By: Lindsey Moskowitz Medvin
As we close out the month of June, we can reflect on the many things we celebrate…Father’s Day, graduations, end of the school year, and the start of summer just to name a few. June is also a time to honor the Lesbian, Gay, Bisexual, Transgender and Queer (LGBTQ+) community with Pride Month. Pride Month is celebrated in June each year to honor the 1969 Stonewall Uprising in Manhattan. It was a catalyst for the Gay Liberation Movement in the United States. We have come a long way since then, but we still have a long way to go. For that reason, it is important to raise awareness.
Recently, I was retained to represent a transgender client seeking a name change. Although the process is the same as other adult name changes, the reasons are always different and personal.
This instance was not the first time that I assisted a transgender individual to effectuate a name change, but it was the first time that it coincided with Pride Month. The experience prompted me to gain a deeper understanding of what the name change process means for a transgender individual. I learned that it provides the person with an identity to match the way he/she/they feel. It also minimizes the questions by strangers when he/she/they gives his/her/their name or shows his/her/their photo identification. Many transgender people choose a new name to be known as the reasons for doing so are personal. It may be because his/her/their “dead name,” which is the name given to the person at birth, is too feminine or masculine now. Perhaps, however, the individual is seeking to disassociate from a family who has not honored his/her/their choices. Or, maybe the name just no longer suits that individual. The Court will not inquire as to the personal reasons that guide an individual’s choice to pursue a name change.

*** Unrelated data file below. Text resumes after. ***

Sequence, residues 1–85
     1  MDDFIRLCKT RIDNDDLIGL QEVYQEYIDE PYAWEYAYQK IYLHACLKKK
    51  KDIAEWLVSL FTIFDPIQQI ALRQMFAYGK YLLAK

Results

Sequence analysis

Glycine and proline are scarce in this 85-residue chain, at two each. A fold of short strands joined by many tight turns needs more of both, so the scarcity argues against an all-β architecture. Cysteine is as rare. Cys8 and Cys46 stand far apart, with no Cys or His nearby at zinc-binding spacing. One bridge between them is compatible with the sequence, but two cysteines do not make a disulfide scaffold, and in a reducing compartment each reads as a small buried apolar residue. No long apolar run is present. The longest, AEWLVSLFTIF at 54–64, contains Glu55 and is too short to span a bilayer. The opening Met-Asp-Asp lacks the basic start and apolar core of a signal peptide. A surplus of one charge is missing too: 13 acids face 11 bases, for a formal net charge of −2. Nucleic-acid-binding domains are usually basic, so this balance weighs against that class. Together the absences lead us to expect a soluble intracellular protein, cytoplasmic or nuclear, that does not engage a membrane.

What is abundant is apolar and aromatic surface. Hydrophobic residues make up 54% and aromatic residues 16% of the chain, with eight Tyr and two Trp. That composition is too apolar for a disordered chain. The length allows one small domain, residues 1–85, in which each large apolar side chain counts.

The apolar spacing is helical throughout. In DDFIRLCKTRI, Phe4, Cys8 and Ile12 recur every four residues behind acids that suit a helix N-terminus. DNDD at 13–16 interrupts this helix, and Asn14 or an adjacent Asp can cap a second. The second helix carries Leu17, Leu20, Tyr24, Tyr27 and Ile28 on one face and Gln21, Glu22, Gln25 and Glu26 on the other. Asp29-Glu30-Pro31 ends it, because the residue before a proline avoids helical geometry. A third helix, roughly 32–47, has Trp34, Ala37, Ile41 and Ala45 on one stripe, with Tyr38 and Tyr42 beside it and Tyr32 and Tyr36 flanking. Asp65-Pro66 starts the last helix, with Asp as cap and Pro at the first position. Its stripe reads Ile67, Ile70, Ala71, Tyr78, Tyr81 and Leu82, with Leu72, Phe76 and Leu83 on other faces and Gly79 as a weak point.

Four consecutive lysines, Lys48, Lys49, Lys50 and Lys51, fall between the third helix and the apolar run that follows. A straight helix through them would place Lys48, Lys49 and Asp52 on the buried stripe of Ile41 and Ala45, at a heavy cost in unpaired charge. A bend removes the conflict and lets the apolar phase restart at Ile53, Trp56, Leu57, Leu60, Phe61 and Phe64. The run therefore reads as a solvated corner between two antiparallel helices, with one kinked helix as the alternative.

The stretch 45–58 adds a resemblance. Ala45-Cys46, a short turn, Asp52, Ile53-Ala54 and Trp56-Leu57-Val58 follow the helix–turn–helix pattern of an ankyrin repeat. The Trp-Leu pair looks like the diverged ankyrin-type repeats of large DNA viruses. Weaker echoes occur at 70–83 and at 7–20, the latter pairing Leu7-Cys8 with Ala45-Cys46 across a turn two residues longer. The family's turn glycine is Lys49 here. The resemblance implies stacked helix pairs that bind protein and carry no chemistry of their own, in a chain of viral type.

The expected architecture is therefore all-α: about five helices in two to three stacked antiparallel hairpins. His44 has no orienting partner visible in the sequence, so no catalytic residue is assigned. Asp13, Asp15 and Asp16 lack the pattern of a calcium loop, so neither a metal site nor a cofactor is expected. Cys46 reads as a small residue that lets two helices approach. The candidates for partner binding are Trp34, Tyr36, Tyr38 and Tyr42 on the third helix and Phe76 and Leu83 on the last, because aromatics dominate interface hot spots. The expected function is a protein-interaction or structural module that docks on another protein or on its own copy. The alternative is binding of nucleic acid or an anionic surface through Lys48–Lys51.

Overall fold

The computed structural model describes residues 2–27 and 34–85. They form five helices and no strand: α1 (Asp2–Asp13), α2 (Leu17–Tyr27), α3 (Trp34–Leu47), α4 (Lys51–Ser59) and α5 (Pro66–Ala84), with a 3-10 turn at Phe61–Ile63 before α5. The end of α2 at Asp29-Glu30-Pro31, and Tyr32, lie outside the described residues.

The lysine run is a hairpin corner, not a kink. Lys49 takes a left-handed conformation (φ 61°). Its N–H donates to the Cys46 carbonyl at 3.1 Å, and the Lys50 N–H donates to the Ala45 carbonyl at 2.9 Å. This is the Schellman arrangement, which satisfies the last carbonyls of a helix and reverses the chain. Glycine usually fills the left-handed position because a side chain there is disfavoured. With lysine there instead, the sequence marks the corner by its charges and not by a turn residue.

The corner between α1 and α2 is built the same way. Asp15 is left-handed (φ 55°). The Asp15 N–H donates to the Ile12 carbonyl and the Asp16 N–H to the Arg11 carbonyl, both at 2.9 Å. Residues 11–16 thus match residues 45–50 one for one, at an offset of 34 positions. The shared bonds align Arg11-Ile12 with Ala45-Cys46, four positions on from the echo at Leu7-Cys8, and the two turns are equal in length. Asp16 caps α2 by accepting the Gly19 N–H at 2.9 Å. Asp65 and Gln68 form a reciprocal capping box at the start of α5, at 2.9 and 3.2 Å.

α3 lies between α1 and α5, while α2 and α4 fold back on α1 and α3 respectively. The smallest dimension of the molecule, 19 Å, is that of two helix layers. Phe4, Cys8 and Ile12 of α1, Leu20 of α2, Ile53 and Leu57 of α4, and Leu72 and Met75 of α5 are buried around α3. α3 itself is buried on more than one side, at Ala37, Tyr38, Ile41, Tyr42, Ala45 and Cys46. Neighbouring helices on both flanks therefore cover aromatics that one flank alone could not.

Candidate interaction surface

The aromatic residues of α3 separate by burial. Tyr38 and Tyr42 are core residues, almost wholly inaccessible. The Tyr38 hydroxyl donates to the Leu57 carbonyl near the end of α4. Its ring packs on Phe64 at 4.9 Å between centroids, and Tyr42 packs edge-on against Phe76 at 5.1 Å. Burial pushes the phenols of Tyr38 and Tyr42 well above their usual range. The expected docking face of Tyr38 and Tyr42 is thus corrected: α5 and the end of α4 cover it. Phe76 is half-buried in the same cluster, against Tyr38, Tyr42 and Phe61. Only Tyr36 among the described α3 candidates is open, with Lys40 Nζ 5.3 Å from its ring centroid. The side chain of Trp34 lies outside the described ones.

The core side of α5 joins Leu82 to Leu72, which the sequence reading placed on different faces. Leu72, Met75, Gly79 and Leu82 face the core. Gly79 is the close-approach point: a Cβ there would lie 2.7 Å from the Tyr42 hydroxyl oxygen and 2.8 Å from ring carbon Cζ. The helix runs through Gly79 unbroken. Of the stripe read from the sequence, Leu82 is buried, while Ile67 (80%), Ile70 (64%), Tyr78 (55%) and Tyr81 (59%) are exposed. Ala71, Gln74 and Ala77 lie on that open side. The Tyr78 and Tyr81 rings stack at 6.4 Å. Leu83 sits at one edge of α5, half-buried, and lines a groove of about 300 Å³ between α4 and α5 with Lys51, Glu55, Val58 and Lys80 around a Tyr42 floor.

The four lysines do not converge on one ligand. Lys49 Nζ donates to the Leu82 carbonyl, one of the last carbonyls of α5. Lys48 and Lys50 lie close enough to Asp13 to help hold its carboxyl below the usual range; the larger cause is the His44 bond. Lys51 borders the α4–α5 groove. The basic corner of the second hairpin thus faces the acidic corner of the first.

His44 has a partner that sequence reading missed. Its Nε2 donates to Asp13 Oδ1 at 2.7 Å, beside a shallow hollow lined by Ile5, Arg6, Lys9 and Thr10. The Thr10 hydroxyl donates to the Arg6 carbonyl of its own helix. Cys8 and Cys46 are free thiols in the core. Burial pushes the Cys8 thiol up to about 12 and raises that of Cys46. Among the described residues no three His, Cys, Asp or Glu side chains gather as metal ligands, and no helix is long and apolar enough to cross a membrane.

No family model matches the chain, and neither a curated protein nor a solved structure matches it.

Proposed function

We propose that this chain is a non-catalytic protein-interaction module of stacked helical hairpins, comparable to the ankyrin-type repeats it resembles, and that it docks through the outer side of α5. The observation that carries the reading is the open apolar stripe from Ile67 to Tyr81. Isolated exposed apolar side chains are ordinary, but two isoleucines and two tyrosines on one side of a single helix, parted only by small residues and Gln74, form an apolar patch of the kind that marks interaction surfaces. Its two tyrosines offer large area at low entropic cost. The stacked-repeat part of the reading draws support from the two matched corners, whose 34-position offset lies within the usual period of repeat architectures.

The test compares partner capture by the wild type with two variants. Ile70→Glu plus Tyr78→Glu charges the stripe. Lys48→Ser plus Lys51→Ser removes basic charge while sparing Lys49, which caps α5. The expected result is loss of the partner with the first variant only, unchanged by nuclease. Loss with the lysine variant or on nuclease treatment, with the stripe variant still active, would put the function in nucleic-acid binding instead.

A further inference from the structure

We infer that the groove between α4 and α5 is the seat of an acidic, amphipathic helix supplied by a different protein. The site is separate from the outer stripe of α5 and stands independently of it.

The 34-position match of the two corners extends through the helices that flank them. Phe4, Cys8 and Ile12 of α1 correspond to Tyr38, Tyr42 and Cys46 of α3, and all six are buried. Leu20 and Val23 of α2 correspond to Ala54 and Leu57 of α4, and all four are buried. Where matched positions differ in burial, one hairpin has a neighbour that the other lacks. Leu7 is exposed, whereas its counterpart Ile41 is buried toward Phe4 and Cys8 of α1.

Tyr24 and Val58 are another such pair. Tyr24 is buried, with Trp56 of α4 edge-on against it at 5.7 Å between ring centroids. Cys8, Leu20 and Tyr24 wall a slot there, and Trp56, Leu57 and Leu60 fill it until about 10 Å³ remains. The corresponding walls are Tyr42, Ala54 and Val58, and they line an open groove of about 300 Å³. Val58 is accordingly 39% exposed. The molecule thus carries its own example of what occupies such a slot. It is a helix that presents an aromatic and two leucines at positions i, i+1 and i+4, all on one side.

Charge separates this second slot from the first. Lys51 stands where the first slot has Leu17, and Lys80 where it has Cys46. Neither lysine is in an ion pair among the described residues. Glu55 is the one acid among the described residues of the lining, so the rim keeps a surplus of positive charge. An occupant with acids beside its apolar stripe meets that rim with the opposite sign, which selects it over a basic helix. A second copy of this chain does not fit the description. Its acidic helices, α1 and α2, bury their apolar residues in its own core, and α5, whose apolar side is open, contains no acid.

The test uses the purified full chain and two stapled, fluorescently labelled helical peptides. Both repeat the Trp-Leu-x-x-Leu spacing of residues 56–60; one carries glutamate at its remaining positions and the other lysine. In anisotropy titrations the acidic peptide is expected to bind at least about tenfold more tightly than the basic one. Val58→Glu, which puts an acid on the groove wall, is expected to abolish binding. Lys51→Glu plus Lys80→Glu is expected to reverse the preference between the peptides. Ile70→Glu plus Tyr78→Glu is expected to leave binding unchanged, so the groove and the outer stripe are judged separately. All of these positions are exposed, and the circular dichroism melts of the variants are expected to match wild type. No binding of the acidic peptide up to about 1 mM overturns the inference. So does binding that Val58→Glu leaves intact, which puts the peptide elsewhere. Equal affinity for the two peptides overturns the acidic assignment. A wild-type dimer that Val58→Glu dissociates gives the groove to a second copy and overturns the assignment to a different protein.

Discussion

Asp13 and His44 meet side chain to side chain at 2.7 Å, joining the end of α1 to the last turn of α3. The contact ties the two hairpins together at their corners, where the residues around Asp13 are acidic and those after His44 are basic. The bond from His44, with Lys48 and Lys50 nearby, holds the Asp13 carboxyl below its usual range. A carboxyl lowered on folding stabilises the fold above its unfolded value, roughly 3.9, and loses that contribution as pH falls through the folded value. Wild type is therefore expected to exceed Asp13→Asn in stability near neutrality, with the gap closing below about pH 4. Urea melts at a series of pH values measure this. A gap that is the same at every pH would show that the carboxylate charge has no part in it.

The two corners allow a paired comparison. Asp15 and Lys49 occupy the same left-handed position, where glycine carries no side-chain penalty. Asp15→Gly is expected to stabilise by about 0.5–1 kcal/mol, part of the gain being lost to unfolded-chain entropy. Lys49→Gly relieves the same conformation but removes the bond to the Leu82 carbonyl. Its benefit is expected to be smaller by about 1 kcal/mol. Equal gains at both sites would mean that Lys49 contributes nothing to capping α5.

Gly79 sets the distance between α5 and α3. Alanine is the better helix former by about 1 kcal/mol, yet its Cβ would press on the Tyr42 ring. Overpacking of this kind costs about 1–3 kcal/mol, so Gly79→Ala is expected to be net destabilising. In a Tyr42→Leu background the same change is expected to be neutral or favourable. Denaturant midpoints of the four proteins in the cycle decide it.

In New Jersey, when you commence the name change process, you can choose any name you desire. You can choose to change your first name, middle name, last name or any combination of that. For some people, by the time he/she/they begin the process, that person may have already been known by the chosen name for years or he/she/they may just be making the change. Either way, it can be an emotional process for the individual and changing his/her/their name is a significant step in affirming gender identity.
If you or someone you know is seeking to effectuate a name change, please reach out to me and I would be happy to assist him/her/them through the process.
Lindsey Moskowitz Medvin focuses her practice on family law matters including name changes, adoptions, domestic violence, divorce and child custody arrangements. To reach Lindsey, please call (609) 275-0400 or email her directly at firstname.lastname@example.org.